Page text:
Monday, March 29, 2010

Low-cost eye tracking and pong gaming from Imperial College London

A group of students at the Imperial College London have develop a low-cost head mounted tracker which they use to play Pong with. The work is carried out under supervision of Aldo Faisal in his lab.

We built an eyetracking system using mass-marketed off-the shelf components at 1/1000 of that cost, i.e. for less then 30 GBP. Once we made such a system that cheap we started thinking of it as a user interface for everyday use for impaired people.. The project was enable by realising that certain mass-marketed web cameras for video game consoles offer impressive performance approaching that of much more expensive research grade cameras.

"From this starting point research in our group has focussed on two parts so far:

1. The TED software, which is composed of two components which can run on two different computers (connected by wireless internet) or run on the same computer. The first component is the TED server (Linux-based) which interfaces directly with the cameras and processes the high-speed video feed and makes the data available (over the internet) to the client software. The client forms the second components, it is written in Java (i.e. it runs on any computer, Windows, Mac, Unix, ...) and provides the Mouse-control-via-eye-movements, the “Pong” video game as well as configuration and calibration functions.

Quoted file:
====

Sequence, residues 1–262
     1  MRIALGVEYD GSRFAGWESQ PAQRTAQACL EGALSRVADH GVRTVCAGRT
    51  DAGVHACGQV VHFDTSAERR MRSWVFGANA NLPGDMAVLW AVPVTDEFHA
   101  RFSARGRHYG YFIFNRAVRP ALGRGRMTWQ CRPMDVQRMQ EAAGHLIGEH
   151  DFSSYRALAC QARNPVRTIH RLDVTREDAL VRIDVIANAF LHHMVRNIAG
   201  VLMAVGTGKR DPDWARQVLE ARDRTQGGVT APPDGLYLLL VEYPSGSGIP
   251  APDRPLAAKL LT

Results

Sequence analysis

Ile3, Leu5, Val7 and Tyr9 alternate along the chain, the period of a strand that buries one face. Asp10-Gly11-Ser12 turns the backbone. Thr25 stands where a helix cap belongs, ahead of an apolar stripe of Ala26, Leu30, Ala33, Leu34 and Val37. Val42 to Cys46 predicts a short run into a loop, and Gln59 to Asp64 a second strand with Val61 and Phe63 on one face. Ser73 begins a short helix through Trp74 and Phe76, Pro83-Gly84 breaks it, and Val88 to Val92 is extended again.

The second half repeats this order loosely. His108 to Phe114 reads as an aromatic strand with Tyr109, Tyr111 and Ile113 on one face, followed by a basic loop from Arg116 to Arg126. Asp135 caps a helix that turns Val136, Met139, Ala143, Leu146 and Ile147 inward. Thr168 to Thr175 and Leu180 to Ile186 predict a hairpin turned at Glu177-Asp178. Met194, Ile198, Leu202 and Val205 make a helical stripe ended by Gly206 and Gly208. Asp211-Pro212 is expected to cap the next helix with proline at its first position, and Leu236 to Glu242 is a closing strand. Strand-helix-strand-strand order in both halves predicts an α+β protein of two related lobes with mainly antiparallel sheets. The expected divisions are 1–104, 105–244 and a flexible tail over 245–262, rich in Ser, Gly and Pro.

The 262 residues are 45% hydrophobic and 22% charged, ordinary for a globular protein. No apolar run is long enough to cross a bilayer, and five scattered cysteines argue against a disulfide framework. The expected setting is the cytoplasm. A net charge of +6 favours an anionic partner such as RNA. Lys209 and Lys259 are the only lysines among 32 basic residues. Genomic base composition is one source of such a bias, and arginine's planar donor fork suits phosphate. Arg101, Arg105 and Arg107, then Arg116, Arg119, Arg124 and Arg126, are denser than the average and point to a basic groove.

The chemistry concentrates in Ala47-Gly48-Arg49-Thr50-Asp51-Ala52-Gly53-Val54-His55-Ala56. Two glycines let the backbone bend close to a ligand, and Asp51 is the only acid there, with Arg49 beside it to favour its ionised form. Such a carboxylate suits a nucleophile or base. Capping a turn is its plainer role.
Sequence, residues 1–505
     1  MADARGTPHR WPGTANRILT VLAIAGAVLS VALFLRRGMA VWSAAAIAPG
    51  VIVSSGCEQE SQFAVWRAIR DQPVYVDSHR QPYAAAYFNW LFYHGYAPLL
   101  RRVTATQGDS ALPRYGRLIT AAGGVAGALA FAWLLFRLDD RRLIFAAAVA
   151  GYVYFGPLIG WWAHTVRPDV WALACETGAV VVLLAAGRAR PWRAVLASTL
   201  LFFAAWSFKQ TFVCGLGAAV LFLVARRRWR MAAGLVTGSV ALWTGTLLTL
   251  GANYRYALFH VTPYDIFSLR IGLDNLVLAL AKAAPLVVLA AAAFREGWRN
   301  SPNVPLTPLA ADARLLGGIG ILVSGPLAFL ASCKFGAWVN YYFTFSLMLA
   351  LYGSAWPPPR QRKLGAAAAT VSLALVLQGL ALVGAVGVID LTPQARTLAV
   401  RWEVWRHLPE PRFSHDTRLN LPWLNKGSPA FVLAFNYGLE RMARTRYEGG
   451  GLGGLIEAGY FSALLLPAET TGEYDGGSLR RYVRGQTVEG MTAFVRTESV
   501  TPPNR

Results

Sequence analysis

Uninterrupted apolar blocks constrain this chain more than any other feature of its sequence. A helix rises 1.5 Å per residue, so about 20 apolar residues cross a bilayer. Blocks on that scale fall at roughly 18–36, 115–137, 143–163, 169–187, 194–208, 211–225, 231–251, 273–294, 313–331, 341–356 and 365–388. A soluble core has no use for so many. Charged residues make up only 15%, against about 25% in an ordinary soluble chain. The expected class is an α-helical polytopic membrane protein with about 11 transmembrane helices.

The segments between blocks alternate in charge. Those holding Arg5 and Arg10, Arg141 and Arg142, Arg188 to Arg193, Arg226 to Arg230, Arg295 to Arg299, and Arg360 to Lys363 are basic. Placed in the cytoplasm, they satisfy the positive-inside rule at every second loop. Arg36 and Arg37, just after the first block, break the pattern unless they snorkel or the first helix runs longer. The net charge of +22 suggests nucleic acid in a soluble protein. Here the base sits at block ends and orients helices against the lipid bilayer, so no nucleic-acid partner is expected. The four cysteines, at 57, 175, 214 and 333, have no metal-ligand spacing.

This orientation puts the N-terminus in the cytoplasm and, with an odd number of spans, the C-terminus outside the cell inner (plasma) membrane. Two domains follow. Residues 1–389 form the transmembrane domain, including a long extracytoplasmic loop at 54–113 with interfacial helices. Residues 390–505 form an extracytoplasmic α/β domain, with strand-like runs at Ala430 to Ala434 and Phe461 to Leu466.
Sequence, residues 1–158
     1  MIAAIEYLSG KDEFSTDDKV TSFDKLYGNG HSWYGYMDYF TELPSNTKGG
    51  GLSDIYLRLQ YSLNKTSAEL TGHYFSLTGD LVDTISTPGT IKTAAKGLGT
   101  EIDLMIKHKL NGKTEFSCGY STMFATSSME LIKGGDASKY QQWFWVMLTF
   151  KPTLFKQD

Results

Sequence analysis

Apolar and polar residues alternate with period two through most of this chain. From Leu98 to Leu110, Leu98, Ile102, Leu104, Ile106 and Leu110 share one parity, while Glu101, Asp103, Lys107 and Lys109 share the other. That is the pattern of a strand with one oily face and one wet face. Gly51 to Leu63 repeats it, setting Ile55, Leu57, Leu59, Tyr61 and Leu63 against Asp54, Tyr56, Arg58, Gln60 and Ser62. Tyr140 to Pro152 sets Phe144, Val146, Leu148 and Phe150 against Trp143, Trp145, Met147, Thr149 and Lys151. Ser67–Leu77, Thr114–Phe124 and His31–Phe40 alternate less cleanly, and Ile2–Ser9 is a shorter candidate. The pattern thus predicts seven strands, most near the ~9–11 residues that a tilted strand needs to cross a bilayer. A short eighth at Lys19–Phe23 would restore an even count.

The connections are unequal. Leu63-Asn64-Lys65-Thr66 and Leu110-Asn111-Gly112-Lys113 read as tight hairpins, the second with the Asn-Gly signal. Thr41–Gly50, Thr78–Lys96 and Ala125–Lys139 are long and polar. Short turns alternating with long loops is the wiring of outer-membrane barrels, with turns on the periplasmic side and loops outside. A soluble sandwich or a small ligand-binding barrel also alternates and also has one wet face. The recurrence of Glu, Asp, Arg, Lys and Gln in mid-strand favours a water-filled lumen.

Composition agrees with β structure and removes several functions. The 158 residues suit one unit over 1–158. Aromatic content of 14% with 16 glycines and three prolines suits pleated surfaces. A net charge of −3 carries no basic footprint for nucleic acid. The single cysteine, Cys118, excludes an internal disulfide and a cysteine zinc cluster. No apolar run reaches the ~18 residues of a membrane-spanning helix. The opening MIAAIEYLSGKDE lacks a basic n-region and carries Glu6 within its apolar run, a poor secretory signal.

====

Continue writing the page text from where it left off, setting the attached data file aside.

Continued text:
This two part solution allows the cameras to be connected to a cost-effective netbook (e.g. on a wheel chair) and allow control of other computers over the internet (e.g. in the living room, office and kitchen). This software suite, as well as part of the low-level camera driver was implemented by Ian Beer, Aaron Berk, Oliver Rogers and Timothy Treglown, for their undergraduate project in the lab.

Note:the “Pong” video game has a two player mode, allowing two people to play against each other using two eye-trackers or eye-tracker vs keyboard. It is very easy to use, just look where you want the pong paddle to move...

2. The camera-spectacles (visible in most press photos), as well as a two-camera software (Windows-based) able to track eye-movements in 3D (i.e. direction and distance) for wheelchair control. These have been build and developed by William Abbott (Dept. of Bioengineering)."

Further reading:

Imperial College London press release: Playing “Pong” with the blink of an eye
The Engineer: Eye-movement game targets disabled
Engadget (German): Neurotechnologie: Pong mit Augenblinzeln gespielt in London

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